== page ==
Photo and Research Credits…

Ian Liddell, Davey-Milne Collection, Dacre-Stubbs Archive, Colin Hyams Collection via Stephen Dalton, Graham Edney Collection, Bob King Collection

Whereizzit?…

The sprint site stretch of road will only be of interest to we Victorians I guess.

Dick Denvil picks up the locale, ‘The track was a leftover piece of road created when the Eildon Weir pondage dam wall was put in.’

‘It was the continuation of the original road straight north-east towards the cross bridge into Eildon (from the bottom left corner- the side road which ends at a T-intersection and which then ran on to Bourke Street) The main road as seen above, then moved east away from the Goulburn River course to higher ground.’

Dick Simmonds lived in the area for a while, ‘You can still see part of the track which is now on a private property just past Thornton going towards Eildon…I looked at running a revival meeting, the owners of the land were ok, but the O,H & S issues got in the way of it…if only!?’

Dick concludes ‘The honour boards of the Victorian Sporting Car Club Alexandra Branch are in a building used by the Lapidiary Club within the Alexandra Railway Yards’ if you are passing by and want to have a look.

Tailpiece: Rob Roy, 24 July 1960…

(G Edney)

Lets finish as we started, with a rare colour photograph of this marvellous Australian Special- the first competition outing of the Bugatti in its Chev engined form- note the dual rear wheels.

Earl won his class that cool Victorian day with a run of 29.73 seconds from a Lancia-Austin on 30.41 secs.

Finito…

(R Middleton)

Ross Middleton observes of his wonderful Phillip Island shot- ‘these guys would turn up to every Phillip Island meeting and lift the Goggomobil Dart out of the Holden Ute and have a great day competing in the Regularity events’…

I imagine a good many Australians looking at these cars think immediately of the Yellow Pages or Shannons Insurance series of advertisements featuring the booming, unique, gravelly but melodic voice of Scotland born Australian actor Tommy Dysart.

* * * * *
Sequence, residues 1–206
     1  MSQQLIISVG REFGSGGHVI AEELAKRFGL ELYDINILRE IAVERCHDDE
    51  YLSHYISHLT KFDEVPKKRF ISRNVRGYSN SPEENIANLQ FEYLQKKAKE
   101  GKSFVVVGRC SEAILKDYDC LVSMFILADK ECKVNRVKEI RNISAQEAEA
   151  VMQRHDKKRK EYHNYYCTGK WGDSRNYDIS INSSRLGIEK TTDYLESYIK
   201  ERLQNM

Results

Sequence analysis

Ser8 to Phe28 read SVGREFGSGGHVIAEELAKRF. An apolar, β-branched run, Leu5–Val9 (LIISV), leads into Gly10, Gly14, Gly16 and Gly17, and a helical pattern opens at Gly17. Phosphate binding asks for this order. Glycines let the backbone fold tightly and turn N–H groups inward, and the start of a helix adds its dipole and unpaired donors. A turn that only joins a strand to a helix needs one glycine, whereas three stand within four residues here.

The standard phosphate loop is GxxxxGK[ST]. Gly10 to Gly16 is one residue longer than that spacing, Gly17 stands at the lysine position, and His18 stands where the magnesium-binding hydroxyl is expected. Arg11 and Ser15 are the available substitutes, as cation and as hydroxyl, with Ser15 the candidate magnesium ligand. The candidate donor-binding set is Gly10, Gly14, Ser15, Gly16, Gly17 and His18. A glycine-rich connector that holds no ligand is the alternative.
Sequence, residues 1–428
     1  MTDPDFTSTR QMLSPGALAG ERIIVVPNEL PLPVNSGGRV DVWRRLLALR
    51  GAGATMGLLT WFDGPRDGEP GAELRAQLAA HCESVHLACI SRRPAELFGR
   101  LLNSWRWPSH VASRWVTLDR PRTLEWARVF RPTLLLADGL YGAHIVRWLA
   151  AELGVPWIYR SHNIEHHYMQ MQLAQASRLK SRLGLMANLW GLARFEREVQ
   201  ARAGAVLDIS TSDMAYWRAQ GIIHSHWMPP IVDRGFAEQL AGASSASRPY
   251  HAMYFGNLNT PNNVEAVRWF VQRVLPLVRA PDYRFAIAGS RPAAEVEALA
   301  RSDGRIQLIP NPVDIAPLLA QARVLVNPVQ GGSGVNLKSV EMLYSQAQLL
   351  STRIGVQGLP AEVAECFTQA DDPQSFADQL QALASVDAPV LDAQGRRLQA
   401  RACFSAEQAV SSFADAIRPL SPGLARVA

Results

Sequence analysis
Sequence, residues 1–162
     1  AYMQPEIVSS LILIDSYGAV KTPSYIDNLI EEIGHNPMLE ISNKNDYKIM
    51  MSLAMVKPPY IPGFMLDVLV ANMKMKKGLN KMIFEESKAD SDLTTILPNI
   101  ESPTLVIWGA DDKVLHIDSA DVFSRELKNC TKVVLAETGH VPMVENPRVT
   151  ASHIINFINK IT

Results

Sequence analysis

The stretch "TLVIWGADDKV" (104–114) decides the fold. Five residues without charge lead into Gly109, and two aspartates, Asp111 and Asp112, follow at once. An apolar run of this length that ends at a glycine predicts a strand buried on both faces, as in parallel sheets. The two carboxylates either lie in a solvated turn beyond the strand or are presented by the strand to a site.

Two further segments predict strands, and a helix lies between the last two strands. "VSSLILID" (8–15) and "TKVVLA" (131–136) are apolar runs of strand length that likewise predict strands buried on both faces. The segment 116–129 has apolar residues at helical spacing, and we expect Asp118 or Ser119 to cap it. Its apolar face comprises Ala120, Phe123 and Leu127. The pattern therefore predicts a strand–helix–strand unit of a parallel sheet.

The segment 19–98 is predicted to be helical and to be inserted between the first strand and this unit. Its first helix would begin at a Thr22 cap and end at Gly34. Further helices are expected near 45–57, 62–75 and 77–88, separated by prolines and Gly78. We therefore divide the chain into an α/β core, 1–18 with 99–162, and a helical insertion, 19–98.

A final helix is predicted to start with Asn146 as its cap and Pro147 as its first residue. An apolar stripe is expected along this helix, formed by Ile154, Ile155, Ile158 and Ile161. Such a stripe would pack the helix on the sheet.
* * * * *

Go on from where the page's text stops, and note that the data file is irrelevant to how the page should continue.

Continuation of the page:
For another group of us into theatre and live shows Tommy was the narrator in ‘The Rocky Horror Show’ like no other before or since. A magic night at the old Regent Theatre/HSV-7 Tele-Studio in Johnston Street, Collingwood, Melbourne circa 1976 seems like yesterday!

One of the Shannons Goggos competing somewhere! (SMH)

Ace historian/researcher Stephen Dalton has unearthed a Goggo 293 shared by the two ‘Wallace Stable’ drivers W Wilson and A Smestad at the March 1960 Phillip Island meeting, there the car carried numbers 44 and 45- not 64 as here but Stephen and I would not mind betting that it is the same two fellows, event date unknown.

The Dart was developed by Bill Buckle (Buckle Motors Pty Ltd) and sold from 1959 to 1961.

It used the mechanicals- chassis, engine, gearbox, suspension and brakes of the Glas Auto company, Goggomobil Microcar topped with an Australian designed fibreglass sportscar body- 700’ish were made.

Power was provided by 300 and 400cc, 15 and 20 bhp twin-cylinder two-stroke motors- even with a weight of 345 kg it would have been a long trip along the Islands front chute!

The truckload of Goggomobils below is parked at the Punchbowl, Sydney factory of Bill Buckle Motors in 1959-1961. The load of cars- five Darts and one sedan is about to travel south to the Finlay Brothers dealership in Melbourne.

(Buckle Family)

Credits…

Ross Middleton, Hulton-Deutsch, Finlay Brothers, Buckle Family

Tailpiece…

(Hulton-Deutsch)

Actress and novelist Jackie Collins adds a bit of leopard skin colour to the Goggomobil T300 (now I know where Lola got the model number) at the Earls Court London Motor Show, October 1956.

Finito…

(N Tait)

‘Victory Swig’: Jack Brabham partakes of the winner’s champagne, Aintree, 18 July 1959…

Brabham won the British Grand Prix from the British Racing Partnership BRM P25 driven by Stirling Moss and Bruce McLaren’s Cooper T51- Jack similarly works mounted to Bruce.

This story of the race was inspired by a couple of marvellous pieces from Nigel Tait’s Repco Collection. I wrote a largely photographic article about this weekend a while back too; https://primotipo.com/2014/11/01/masten-gregory-readies-for-the-off-british-grand-prix-aintree-1959/